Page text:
South-Southwest Winner: Northside Stresses Training, Nurturing Atmosphere
BENTON, AR — The atmosphere is pretty laid-back around Northside Heating and Cooling. The 22-year-old residential contracting firm, founded and run by Brian Nalley, is proud of its reputation for good, honest service and its reputation for being a “learning environment.”
Nalley’s concern for properly trained technicians provides the backdrop for his successful business. His technicians can take advantage of up to 160 hrs of college-level training each year. And that’s on top of the weekly training sessions they are asked to attend. (They are not mandatory, but everyone attends anyway.)
And not even a devastating December ice storm could keep Nalley and his well-trained crew from trying to keep customers serviced and happy. “The ice storm was the worst ever,” he said. “Electric power was out in almost every home for some period of time. There were long lines for portable generators to run gas-fired furnaces. Running modern digital electronic components with portable electric power caused a lot of failures on ignition modules, transformers, and control fuses.
“Business was just getting by. I had to run a generator at the office for telephones from Tuesday until Saturday night.”
But that glitch in the business activity has not slowed down Nalley or his staff. He has enough work to keep them busy, and enough training incentives to keep them busy during non-working hours.
This emphasis on training is just one of the reasons that North-side Heating and Cooling was voted one of the seven winners in The News’ 2000 “Best Contractor to Work For” contest.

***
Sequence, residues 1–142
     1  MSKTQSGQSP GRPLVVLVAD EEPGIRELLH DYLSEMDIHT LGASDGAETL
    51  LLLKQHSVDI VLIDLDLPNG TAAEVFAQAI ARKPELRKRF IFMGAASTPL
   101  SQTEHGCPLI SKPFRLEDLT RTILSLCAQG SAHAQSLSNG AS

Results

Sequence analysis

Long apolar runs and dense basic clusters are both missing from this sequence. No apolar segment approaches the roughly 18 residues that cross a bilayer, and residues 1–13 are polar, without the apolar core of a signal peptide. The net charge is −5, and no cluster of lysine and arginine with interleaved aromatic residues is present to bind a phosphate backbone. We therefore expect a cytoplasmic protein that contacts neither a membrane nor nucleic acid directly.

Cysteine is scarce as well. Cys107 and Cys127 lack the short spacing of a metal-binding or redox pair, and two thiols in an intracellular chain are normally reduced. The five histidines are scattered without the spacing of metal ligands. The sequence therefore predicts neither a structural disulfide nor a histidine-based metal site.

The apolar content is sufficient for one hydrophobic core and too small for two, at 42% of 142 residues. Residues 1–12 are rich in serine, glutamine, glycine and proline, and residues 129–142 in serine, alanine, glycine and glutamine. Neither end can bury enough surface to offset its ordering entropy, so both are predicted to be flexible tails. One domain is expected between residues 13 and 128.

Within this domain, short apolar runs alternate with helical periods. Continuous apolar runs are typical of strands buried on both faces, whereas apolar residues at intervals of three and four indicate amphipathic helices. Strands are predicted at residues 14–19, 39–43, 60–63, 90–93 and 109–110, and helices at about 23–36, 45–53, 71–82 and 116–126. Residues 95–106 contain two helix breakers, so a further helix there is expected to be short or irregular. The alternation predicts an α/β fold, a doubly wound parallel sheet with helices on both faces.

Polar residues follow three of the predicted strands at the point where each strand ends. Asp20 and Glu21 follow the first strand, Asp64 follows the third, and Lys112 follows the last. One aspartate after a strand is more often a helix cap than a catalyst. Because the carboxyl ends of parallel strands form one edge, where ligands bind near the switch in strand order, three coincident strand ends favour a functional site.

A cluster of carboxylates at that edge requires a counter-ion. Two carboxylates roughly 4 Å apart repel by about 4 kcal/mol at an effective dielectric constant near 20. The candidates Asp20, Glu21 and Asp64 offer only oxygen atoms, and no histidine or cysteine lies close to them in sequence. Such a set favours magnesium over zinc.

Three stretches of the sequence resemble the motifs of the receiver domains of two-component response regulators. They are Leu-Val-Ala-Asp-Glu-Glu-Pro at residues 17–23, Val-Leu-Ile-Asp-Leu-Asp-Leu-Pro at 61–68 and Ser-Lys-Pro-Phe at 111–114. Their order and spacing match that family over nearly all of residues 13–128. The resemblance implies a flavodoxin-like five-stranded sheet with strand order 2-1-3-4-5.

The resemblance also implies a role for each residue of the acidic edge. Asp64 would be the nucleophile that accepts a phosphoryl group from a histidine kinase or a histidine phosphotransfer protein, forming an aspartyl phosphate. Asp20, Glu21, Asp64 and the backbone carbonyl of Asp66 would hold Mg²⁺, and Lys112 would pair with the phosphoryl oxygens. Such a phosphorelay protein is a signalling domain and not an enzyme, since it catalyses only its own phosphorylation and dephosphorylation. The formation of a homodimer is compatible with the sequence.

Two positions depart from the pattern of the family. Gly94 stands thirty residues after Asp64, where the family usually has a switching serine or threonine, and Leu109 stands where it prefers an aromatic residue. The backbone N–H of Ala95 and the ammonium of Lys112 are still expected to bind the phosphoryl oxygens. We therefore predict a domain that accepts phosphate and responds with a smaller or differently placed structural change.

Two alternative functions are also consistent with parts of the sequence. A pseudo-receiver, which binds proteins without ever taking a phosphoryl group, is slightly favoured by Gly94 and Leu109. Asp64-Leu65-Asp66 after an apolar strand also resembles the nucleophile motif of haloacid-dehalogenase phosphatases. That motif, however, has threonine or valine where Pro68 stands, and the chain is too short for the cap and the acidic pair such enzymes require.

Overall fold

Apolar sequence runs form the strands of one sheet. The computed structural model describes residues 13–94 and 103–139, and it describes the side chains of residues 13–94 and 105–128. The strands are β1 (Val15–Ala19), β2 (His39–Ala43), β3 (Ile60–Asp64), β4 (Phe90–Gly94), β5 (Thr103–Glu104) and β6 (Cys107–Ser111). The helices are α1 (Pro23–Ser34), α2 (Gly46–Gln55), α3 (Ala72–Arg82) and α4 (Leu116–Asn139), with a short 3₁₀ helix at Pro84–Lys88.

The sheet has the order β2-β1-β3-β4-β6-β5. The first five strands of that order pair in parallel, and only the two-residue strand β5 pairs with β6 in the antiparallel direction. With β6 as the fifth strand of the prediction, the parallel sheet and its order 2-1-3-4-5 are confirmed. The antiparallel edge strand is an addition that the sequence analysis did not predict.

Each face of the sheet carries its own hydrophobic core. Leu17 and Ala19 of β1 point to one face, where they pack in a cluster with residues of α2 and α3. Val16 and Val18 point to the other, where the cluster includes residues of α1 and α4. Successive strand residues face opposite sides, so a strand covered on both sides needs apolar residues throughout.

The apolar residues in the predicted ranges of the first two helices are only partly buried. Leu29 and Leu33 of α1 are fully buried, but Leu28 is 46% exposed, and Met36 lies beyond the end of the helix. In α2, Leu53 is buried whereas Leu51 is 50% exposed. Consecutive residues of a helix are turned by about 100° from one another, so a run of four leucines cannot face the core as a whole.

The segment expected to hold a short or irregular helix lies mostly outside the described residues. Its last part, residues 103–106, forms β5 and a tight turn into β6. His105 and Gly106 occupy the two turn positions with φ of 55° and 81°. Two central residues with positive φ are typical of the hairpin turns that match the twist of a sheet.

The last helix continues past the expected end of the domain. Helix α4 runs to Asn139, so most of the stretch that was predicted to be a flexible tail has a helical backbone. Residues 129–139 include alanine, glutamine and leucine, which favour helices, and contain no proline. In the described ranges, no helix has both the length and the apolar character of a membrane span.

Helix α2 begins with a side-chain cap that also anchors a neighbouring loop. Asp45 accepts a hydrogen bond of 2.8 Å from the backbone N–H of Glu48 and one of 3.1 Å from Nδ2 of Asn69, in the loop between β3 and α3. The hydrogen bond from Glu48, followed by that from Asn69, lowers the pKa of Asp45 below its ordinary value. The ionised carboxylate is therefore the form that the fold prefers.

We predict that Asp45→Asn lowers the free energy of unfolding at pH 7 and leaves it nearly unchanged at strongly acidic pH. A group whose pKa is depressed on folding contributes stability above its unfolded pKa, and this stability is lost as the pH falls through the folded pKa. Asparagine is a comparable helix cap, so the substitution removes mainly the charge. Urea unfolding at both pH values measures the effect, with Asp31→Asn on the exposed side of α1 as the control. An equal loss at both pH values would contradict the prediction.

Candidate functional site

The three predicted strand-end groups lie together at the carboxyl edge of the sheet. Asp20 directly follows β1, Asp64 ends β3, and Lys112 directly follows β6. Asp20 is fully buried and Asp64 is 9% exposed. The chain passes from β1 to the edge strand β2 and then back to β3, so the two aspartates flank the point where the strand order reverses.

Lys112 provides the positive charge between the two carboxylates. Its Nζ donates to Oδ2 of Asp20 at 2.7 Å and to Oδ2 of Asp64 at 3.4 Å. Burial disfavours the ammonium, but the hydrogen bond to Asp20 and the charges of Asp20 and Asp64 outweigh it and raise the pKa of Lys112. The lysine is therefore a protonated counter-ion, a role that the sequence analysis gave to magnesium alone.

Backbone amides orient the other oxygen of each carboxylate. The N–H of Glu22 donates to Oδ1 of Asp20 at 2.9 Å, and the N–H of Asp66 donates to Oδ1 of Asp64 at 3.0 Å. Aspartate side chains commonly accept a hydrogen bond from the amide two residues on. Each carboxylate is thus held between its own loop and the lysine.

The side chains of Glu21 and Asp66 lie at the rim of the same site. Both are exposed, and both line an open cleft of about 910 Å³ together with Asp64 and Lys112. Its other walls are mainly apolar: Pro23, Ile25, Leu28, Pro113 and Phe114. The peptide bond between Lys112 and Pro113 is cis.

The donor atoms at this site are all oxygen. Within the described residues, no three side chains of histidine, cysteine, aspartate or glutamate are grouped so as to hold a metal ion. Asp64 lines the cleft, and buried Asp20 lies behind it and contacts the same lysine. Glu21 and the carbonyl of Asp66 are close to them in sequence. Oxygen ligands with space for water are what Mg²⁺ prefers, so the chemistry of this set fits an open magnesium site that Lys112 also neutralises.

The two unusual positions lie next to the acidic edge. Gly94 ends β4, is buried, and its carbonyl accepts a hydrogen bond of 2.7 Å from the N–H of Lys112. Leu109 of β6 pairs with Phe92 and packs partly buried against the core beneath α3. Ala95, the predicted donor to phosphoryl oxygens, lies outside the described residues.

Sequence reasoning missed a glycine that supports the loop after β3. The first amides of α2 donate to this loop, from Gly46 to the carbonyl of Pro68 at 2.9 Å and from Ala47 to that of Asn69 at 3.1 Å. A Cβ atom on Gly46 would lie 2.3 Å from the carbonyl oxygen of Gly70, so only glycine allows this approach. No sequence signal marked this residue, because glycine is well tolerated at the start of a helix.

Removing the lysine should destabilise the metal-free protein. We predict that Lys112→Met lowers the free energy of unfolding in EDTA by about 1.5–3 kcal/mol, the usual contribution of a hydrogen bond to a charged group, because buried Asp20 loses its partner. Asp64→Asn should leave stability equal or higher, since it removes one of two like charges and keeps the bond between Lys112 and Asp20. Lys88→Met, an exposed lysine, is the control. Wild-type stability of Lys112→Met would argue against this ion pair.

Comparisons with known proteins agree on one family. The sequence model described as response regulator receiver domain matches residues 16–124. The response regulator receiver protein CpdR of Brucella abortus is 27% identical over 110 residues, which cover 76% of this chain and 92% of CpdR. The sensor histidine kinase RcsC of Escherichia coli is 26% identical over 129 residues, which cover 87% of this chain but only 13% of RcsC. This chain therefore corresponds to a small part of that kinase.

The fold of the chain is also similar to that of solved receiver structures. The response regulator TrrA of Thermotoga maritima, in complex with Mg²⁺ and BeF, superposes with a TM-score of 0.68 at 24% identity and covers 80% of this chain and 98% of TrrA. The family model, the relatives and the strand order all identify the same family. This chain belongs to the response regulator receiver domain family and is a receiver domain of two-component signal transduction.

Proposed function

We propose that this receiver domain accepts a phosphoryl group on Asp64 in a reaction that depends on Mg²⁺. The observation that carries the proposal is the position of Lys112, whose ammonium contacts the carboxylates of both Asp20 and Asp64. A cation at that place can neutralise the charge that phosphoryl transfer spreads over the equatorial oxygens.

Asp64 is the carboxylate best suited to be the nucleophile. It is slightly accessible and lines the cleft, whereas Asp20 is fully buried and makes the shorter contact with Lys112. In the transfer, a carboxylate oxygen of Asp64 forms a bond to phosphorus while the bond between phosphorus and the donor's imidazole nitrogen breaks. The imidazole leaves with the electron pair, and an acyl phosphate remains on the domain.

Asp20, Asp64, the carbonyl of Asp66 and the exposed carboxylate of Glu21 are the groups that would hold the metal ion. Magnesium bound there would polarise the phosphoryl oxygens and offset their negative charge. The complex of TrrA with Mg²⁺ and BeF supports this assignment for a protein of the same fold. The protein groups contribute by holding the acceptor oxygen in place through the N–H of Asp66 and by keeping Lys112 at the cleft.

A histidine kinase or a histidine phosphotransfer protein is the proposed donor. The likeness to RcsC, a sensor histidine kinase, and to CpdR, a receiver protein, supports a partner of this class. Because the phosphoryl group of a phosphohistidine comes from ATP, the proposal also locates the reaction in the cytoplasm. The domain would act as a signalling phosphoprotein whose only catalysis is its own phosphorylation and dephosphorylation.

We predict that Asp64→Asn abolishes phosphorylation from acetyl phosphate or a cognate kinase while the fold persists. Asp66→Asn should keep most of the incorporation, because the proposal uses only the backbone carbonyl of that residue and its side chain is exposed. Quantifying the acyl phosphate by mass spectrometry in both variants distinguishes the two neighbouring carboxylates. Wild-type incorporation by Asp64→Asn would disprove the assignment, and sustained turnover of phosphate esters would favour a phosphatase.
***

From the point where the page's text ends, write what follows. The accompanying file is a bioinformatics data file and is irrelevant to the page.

Benefits of Working at Northside“Each employee has a $500 allowance per year for outside training of any kind,” said Nalley. “Each person gets full tuition and books paid for any tech course at Pulaski Technical College” (see related story, page 11). Each person also gets an automatic pay raise with the completion of each NATE module.
In addition to the outside training, Nalley conducts his own weekly in-house sessions. “Each week we have training meetings on tech topics, customer service, industry news, and marketing. Every employee attends. I buy breakfast, show videotapes, and distribute training material. Each class lasts about 11¼2 hours, which is around 75 hours a year, not counting special sessions.”
Nalley doesn’t require his techs to attend Pulaski, but he thinks it’s a good idea. He also thinks that local high school students need to be groomed for the hvacr field.
“I am working with a local high school counselor to set up a career day,” he said. “I believe there are students out there who have mechanical dexterity but who aren’t really college material. We want to be able to work with motivated young people who can get hands-on experience in the trade.”
Besides ongoing training, Nalley offers a good benefit package to his employees and good working conditions. “We have a profit-sharing plan each year with up to 15% of each person’s yearly wages put into a tax-sheltered retirement account with no cost to the employee,” he said. “We have full health, dental, and vision for each employee, and pay half the cost for the family. Each person with on-call rotation gets standby pay for the weekend on call, plus 25% of the gross profit of any of his call-out billing.
“Our company is a team. Each person has a share of input and direction for marketing ideas, customer service, and other operational discussions.”
A Company BriefNalley said he became interested in the hvacr trade after “working long hours turning a lathe during my high school days and hating it.” He wanted to go where he could find a “perfect blend” of physical labor, intellectual challenges, and a diversity of jobs: the hvacr trade.
Nalley is a perfect example of the saying, “The fruit doesn’t fall far from the tree.” He was born and raised in Benton and lives within a few blocks of his business. His dedication to family and religion is interwoven with his business; and he openly brags about his staff.